nep-ind New Economics Papers
on Industrial Organization
Issue of 2014‒11‒28
eleven papers chosen by
Kwang Soo Cheong
Johns Hopkins University

  1. Price disclosure rules and consumer price comparison By Stühmeier, Torben
  2. Endogenous timing decisions for product R&D investment competition with demand spillovers in a horizontally differentiated duopoly By Tsuyoshi Toshimitsu
  3. International R&D alliances by firms: Origins and development By Narula R.; Martinez-Noya A.
  4. Patent Collateral, Investor Commitment, and the Market for Venture Lending By Yael V. Hochberg; Carlos J. Serrano; Rosemarie H. Ziedonis
  5. Do buyer groups facilitate collusion? By Normann, Hans-Theo; Rösch, Jürgen; Schultz, Luis Manuel
  6. European High-End Products in International Competition By Lionel Fontagné; Sophie Hatte
  7. Import Competition, Domestic Regulation and Firm-Level Productivity Growth in the OECD By Sarah Ben Yahmed; Sean Dougherty
  8. Efficiency and competition in the Dutch non-life insurance industry: Effects of the 2006 health care reform By Jacob Bikker; Adelina Popescu
  9. The impact of regulation and competition on the migration from old to new communications infrastructure: Recent evidence from EU27 member states By Briglauer, Wolfgang
  10. The Market Structure of Shale Gas Drilling in the United States By Wang, Zhongmin; Xue, Qing
  11. The Impact of Intermittent Renewable Production and Market Coupling on the Convergence of French and German Electricity Prices By Boureau, Charlotte; Le Pen, Yannick; PHAN, Sébastien; Keppler, Jan Horst

  1. By: Stühmeier, Torben
    Abstract: Search frictions are regarded as a major impediment to active competition in many markets. In some markets, such as financial and retail gasoline, governments and consumer protection agencies call for compulsory price reporting. Consumers could then more easily compare the firms' offers. We showthat for a given level of price comparison, mandatory price reporting indeed generally benefits consumers. Such regulation, however, feeds back into firms' strategies, resulting in lower levels of price comparison in equilibrium. This effect may dominate so that the regulation lead to higher expected market prices.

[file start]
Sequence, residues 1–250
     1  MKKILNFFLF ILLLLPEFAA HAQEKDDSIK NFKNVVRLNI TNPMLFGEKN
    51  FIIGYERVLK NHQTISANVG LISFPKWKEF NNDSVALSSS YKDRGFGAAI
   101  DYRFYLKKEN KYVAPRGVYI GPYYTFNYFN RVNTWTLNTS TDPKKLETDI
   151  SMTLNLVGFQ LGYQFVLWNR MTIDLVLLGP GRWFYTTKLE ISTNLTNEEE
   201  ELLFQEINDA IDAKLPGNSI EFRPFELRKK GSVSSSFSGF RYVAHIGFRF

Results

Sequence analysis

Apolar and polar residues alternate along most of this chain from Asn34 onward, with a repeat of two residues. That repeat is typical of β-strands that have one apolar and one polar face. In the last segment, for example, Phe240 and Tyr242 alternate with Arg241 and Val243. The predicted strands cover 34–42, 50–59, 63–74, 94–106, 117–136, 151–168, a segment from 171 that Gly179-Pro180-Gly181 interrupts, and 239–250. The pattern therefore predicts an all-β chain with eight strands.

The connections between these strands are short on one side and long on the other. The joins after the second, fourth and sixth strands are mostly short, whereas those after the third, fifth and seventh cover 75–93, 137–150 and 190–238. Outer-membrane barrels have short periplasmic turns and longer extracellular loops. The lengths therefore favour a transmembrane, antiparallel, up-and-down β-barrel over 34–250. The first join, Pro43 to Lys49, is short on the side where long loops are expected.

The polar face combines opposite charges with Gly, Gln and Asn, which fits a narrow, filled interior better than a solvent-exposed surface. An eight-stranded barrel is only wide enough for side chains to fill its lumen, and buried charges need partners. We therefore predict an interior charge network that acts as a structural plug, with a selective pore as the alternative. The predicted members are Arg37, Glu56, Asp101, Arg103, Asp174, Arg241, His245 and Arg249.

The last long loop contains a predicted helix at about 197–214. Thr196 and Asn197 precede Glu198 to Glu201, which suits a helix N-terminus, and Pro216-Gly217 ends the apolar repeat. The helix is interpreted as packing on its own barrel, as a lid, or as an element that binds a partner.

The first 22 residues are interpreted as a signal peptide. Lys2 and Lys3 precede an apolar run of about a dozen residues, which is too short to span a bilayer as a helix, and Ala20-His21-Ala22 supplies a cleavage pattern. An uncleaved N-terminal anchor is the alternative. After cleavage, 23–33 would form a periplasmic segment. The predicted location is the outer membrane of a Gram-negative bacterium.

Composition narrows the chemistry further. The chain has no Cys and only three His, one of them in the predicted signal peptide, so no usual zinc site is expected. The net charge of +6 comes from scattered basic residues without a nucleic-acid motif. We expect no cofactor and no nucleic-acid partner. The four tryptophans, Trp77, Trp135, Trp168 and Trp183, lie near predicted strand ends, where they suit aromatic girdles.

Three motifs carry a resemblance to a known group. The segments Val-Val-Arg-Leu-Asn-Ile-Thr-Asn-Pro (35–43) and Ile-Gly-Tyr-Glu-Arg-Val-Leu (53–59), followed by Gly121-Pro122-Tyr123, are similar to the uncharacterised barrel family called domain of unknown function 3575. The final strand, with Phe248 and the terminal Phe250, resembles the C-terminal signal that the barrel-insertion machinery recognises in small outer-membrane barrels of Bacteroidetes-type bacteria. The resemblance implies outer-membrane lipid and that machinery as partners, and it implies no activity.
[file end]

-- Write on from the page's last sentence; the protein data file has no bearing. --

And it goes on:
Keywords: Mixed Strategies,Price Comparison,Regulation
    JEL: D83 L13 L51
    Date: 2014
    URL: http://d.repec.org/n?u=RePEc:zbw:cawmdp:74&r=ind
  2. By: Tsuyoshi Toshimitsu (School of Economics, Kwansei Gakuin University)
    Abstract: By focusing on the constructive and combative spillover effects of the firms’ investment in research and development (R&D), we develop a horizontally differentiated duopoly model in which R&D investment used to improve product quality influences consumer preferences and the choice of consumption goods. Applying the framework of endogenous timing decisions to the model, we examine the mutually beneficial timing of product R&D investment and demonstrate that, if there are asymmetric demand spillovers between the firms, a natural Stackelberg equilibrium persists in noncooperative product R&D investment competition in which the firm producing the product with weaker (stronger) demand spillovers moves first (second) to commit to the investment, regardless of the mode of competition. We consider the outcome of the endogenous timing decisions, based on the view of “endogenous sunk costs (i.e., The Sutton Approach)”. Furthermore, we address process R&D investment competition with technology spillovers under endogenous timing.
    Keywords: endogenous timing, natural Stackelberg equilibrium, product R&D investment, demand spillovers, horizontally differentiated Cournot duopoly, endogenous sunk cost
    JEL: L13 L15
    Date: 2014–10
    URL: http://d.repec.org/n?u=RePEc:kgu:wpaper:121&r=ind
  3. By: Narula R.; Martinez-Noya A. (UNU-MERIT)
    Abstract: There has been a dramatic increase in all forms of international cooperation in science, technology and innovation over the last three decades. This chapter focuses on a specific subset of such cooperative agreements those that primarily but not exclusively involve firms that seek some commercial benefit from the outputs of inter-firm collaboration, known as strategic technology partnering STP. Special attention is given to clearly define the unique nature of these collaborative agreements, as well as the reasons and theories behind their growth. We focus on their international dimension, identifying international STP trends, and how the cross-border aspect of these alliances impinges on their formation and success. Finally, managerial challenges and policy implications related to STP are also discussed.
    Keywords: Contracting Out; Joint Ventures; Technology Licensing; Management of Technological Innovation and R&D;
    JEL: O32 L24
    Date: 2014
    URL: http://d.repec.org/n?u=RePEc:unm:unumer:2014058&r=ind
  4. By: Yael V. Hochberg; Carlos J. Serrano; Rosemarie H. Ziedonis